Leading chocolatiers from around the world gathered together in the elegant surroundings of Fortnum and Mason’s, London, last night for the celebratory Academy of Chocolate Awards party – the UK’s chocolate equivalent of the Oscars.
Ever since it was founded in 2005, the Academy, in the words of its founder Sara Jayne-Staines,
“has sought to educate people about the difference between real chocolate and chocolate confectionary full of sugar”.
Sarah Jane Evans, Academy member and wine and food writer, confirms this:
“Our aim when we were founded was to talk about the fact that chocolate comes from the bean and to understand the process from bean to and to introduce the idea of fine chocolate. The fact that the Academy includes food writers such as myself and Marie-Pierre Moine as well as professional chocolatiers is very important as it offers an independent aspect. The ethos of the Academy is that everyone leaves their commercial interests at the door. We spread the words through these bi-annual awards, events and conferences. ”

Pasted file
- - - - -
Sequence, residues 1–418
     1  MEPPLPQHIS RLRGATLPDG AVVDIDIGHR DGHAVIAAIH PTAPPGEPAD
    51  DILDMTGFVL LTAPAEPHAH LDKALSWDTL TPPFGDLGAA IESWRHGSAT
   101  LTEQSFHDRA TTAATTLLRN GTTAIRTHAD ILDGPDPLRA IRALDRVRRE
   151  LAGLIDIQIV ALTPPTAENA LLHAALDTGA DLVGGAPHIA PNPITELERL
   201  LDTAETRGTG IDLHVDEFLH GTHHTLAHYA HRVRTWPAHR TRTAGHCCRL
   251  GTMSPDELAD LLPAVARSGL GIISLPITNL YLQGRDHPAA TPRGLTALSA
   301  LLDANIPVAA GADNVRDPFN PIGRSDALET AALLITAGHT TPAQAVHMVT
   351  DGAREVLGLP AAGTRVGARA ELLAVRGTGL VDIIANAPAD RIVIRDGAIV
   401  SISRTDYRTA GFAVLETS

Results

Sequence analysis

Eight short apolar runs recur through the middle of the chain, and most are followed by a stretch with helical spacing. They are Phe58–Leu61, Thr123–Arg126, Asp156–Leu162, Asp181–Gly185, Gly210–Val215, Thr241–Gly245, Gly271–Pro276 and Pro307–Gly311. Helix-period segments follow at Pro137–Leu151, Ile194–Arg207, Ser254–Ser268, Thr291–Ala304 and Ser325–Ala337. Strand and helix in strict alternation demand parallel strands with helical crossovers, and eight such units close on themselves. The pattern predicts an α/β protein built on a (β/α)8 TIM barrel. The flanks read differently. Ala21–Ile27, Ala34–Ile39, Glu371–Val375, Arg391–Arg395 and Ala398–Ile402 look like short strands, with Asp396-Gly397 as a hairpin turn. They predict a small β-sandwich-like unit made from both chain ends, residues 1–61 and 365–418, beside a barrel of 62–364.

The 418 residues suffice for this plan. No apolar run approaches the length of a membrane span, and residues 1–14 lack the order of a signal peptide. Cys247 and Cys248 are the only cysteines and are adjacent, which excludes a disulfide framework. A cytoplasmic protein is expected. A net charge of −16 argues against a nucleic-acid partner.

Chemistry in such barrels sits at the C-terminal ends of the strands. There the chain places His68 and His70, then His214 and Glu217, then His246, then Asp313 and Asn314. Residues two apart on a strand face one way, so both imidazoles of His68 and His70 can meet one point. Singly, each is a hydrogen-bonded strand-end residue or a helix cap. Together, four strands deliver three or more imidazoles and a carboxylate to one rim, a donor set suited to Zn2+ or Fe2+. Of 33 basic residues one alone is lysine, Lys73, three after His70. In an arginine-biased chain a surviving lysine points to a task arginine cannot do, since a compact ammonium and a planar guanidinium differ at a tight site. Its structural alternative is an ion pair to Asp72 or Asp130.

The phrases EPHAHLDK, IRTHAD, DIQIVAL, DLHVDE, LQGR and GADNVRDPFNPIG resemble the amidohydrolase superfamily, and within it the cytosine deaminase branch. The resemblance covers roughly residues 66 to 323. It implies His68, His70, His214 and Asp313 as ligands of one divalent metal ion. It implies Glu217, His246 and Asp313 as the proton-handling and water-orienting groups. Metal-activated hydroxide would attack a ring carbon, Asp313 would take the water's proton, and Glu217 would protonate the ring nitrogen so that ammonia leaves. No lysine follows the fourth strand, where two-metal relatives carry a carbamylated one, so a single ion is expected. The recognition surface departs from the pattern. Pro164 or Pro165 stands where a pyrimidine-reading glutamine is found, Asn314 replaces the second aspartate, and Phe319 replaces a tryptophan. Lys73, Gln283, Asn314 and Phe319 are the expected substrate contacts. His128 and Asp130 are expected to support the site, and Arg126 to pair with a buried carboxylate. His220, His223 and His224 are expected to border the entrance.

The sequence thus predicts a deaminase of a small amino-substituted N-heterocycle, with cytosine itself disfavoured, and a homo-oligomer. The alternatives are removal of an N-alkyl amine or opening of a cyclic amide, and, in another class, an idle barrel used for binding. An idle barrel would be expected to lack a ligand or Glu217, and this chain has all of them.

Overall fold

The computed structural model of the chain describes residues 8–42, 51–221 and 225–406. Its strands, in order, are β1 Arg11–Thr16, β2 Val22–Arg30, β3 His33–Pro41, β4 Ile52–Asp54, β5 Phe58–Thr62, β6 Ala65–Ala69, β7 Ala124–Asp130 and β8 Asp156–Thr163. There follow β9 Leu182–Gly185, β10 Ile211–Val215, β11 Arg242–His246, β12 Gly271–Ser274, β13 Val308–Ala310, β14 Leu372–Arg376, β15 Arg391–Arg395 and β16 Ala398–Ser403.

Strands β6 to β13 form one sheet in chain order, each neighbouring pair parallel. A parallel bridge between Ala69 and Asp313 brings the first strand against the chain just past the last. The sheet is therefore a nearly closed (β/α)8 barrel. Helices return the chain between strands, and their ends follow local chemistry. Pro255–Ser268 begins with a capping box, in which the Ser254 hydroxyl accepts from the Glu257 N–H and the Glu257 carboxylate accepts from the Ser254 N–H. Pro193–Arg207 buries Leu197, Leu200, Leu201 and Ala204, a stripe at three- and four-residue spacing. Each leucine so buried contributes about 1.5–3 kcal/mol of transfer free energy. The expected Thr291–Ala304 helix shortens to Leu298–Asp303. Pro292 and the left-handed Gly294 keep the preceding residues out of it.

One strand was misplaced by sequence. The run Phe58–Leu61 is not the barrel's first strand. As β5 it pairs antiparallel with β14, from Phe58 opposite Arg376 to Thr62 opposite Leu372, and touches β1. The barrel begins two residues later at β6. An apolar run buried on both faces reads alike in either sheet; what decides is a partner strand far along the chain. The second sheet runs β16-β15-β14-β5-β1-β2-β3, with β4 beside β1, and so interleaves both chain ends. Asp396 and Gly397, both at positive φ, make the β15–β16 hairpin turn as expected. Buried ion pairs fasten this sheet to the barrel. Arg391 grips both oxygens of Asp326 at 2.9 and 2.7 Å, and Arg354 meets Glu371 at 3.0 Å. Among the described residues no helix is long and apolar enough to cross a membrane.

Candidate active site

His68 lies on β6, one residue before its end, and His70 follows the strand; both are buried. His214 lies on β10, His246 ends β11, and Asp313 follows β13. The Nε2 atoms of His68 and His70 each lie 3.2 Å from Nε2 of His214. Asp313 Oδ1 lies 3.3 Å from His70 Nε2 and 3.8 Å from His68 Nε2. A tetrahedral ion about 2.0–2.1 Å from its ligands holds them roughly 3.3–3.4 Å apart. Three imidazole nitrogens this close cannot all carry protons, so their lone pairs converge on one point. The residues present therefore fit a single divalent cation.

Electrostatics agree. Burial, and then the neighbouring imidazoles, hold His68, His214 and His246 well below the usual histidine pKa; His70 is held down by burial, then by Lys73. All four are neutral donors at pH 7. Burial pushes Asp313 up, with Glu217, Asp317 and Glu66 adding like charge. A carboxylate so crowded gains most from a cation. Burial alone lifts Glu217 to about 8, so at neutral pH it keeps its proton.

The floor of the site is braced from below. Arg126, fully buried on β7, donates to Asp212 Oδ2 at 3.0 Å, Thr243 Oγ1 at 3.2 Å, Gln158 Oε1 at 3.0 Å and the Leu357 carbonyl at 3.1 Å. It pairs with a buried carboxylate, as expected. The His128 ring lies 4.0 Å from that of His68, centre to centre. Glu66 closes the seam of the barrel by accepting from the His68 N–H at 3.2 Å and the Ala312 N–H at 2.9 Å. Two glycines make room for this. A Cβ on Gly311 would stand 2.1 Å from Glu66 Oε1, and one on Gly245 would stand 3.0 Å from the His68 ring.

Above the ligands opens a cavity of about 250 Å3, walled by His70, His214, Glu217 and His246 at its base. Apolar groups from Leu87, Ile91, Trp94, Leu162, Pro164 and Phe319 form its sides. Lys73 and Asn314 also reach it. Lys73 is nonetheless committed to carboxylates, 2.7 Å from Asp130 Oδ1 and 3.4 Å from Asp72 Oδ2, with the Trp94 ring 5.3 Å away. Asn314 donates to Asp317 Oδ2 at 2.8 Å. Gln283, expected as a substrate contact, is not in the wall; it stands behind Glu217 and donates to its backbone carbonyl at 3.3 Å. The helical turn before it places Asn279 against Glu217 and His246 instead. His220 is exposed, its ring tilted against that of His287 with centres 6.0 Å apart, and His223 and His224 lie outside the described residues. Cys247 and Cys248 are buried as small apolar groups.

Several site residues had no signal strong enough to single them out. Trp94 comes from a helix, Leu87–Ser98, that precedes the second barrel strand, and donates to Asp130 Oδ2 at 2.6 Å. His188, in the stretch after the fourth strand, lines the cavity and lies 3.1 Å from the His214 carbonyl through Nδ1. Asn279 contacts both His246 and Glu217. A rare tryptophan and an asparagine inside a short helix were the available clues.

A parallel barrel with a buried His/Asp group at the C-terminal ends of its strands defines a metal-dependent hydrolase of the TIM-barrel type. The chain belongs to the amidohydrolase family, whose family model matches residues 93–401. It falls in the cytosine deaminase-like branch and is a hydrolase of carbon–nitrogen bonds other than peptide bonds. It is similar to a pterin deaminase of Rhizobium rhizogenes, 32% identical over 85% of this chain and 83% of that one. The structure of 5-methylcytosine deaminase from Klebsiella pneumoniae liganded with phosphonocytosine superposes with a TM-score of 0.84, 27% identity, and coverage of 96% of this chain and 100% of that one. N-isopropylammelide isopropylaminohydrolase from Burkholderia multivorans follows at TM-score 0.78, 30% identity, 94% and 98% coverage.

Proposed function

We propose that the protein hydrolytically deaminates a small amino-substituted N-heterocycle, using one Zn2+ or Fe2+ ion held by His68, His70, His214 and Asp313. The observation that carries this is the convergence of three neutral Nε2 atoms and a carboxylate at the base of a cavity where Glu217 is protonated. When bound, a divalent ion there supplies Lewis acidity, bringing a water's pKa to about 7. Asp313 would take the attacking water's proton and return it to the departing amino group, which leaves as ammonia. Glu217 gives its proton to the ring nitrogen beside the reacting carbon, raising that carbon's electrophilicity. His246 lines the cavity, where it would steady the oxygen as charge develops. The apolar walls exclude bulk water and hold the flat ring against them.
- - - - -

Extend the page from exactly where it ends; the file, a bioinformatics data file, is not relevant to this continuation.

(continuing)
Chantal Coady of Rococo, a fellow member, is convinced that the Academy has done much to spread the word re fine chocolate.
“It’s been very influential. Let me give you some examples: nowadays, there’s very little artificial vanillin used and people are aware that chocolate should contain cocoa butter rather than other fats. People are also becoming more aware of the ethics of cocoa-growing.”
Another valuable role of the Academy in Coady’s opinion is as a meeting place where
“chocolatiers can meet each other as part of the same group, talk together, be collegiate. Of course, there’s an element of competition in the chocolate world but as far as I’m concerned it just means that I have to try harder to make even better chocolate.”
The Awards are the result of a long and intensive judging process by a large panel of judges. Crucially, all entries are anonymous and those with a commercial interest are not allowed to judge in any category for which they’ve entered.